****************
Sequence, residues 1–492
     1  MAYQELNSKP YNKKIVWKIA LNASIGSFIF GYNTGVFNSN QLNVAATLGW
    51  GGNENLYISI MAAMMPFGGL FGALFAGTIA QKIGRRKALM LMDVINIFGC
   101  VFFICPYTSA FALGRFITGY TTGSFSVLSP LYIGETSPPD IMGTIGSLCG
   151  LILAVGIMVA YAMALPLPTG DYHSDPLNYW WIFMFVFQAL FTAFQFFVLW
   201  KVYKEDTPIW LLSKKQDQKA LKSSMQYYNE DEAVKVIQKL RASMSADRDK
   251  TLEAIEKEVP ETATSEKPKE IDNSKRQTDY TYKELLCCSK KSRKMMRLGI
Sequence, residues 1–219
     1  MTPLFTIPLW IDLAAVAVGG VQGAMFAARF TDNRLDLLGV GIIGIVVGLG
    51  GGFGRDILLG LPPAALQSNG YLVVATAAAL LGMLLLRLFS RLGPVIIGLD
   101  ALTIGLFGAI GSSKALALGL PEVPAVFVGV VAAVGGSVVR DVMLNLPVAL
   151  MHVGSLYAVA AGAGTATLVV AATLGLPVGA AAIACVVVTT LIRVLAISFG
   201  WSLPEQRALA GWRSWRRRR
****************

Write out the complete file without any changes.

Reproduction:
Sequence, residues 1–492
     1  MAYQELNSKP YNKKIVWKIA LNASIGSFIF GYNTGVFNSN QLNVAATLGW
    51  GGNENLYISI MAAMMPFGGL FGALFAGTIA QKIGRRKALM LMDVINIFGC
   101  VFFICPYTSA FALGRFITGY TTGSFSVLSP LYIGETSPPD IMGTIGSLCG
   151  LILAVGIMVA YAMALPLPTG DYHSDPLNYW WIFMFVFQAL FTAFQFFVLW
   201  KVYKEDTPIW LLSKKQDQKA LKSSMQYYNE DEAVKVIQKL RASMSADRDK
   251  TLEAIEKEVP ETATSEKPKE IDNSKRQTDY TYKELLCCSK KSRKMMRLGI
Sequence, residues 1–219
     1  MTPLFTIPLW IDLAAVAVGG VQGAMFAARF TDNRLDLLGV GIIGIVVGLG
    51  GGFGRDILLG LPPAALQSNG YLVVATAAAL LGMLLLRLFS RLGPVIIGLD
   101  ALTIGLFGAI GSSKALALGL PEVPAVFVGV VAAVGGSVVR DVMLNLPVAL
   151  MHVGSLYAVA AGAGTATLVV AATLGLPVGA AAIACVVVTT LIRVLAISFG
   201  WSLPEQRALA GWRSWRRRR